Saint François de Laval (1623-1708)
Feast Day: 6 May
The descendant of a seigniorial family, François de Laval was born on April 30, 1623 in Montigny-sur-Avre, in the diocese of Chartres, France. He studied with the Jesuits at La Flèche College, where his interest for the missions in Canada blossomed. He continued his studies in Paris at Clermont College. Upon his father’s death and that of his two elder brothers, he assumed the management of his family’s estate, of which he became heir. He was ordained a priest in 1647. He strove for spiritual perfection, caring for the sick and overseeing the education of abandoned children. Named archdeacon of the diocese of Évreux, he visited over 150 parishes, reforming them according to the spirit of the Council of Trent. In 1653, after the failure of a missionary endeavour in Tonkin, Vietnam, he resigned from the archdiaconate of Évreux and renounced the pension to which he was entitled, ceding to his brother his inheritance and his rights as heir. He departed for Caen, where he lived at the hermitage of Jean de Bernières, one of the great mystics of his time. Joining works of charity to his life of prayer, he oversaw, during this period, the reform of a monastery and the affairs of a community of Hospitallers (a female religious congregation founded in La Flèche, France in 1636).
On June 3, 1658, François de Laval was named Apostolic Vicar to Canada, against the ambitions of the archbishop of Rouen who wanted to extend his own jurisdiction to New France. He was consecrated a Bishop in secret in Paris on December 8 and arrived in Québec on June 16, 1659. Taking charge of the colony which numbered only 5 parishes and less than 2,500 inhabitants, he had to impose his authority against the Archbishop of Rouen who wished to promote the superior of the Priests of the Society of Saint Suplice in Montreal, and also against the promoters of Gallicanism in one part of the colony. He also faced certain challenges with the governors: quarrels over precedence, but most of all, his opposition to the trafficking of eau de vie among Indigenous Peoples, which was a source of revenue for the colony but also of murder, rape, and other acts of violence.
In 1663, Bishop de Laval founded the Major Seminary of Québec, destined to be the heart of the Church of Canada. The Seminary served as a place of formation for priests, a centre of affiliation for clerics, the diocesan chapter, a distribution centre for tithes, and a select place from which the bishop could “draw pious subjects […] to send them […] into parishes […] in order to exercise pastoral functions there.” In 1668, Bishop de Laval founded a minor seminary and, later, an arts and trades school. Named Bishop of Québec by Louis XIV in 1663, de Laval was confirmed in this function by Rome in 1674.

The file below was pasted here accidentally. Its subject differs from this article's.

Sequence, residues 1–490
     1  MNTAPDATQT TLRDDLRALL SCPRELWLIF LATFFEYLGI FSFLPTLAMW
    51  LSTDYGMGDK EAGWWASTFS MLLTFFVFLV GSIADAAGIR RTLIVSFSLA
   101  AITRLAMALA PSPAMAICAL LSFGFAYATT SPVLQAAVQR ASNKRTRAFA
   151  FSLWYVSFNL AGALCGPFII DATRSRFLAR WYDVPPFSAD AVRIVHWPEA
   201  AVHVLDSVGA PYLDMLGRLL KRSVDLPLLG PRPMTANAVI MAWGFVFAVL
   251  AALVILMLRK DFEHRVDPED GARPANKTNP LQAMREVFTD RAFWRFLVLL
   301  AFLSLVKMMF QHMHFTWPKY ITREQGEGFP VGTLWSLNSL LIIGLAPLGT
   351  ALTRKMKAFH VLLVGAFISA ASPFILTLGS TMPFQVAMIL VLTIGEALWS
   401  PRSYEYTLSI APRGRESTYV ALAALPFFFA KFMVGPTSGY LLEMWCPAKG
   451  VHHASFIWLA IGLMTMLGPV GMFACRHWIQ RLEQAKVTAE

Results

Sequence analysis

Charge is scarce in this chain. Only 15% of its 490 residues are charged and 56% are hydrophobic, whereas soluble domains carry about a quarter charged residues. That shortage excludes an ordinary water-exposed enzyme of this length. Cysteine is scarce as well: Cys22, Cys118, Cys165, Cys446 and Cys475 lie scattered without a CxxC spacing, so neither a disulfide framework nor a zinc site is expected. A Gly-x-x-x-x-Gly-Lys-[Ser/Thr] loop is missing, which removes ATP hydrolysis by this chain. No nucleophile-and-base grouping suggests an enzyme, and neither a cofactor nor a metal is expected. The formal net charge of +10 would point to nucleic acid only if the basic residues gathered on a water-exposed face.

Bishop de Laval dedicated significant sums of money to help the poor and to educate children. He administered the Sacrament of Confirmation to the colonial settlers and to the local Indigenous population and encouraged the faithful to establish pious societies. In 1681, he undertook his final pastoral visit and in 1684 he submitted his resignation.
During his 25 years in New France, the number of parishes went from 5 to 15, the number of priests from 25 to 102, and the number of women religious from 32 to 97; 13 priests and 50 women religious were natives of the diocese of Québec. Returning to Québec in 1688, Bishop de Laval retired at the Seminary. He devoted himself to prayer and caring for the poor. Despite his illness, he replaced his successor during his absences and died while exercising his functions on May 6, 1708. He was proclaimed Blessed by John Paul II on June 22, 1980 and was canonized by a decree of Pope Francis on April 3, 2014.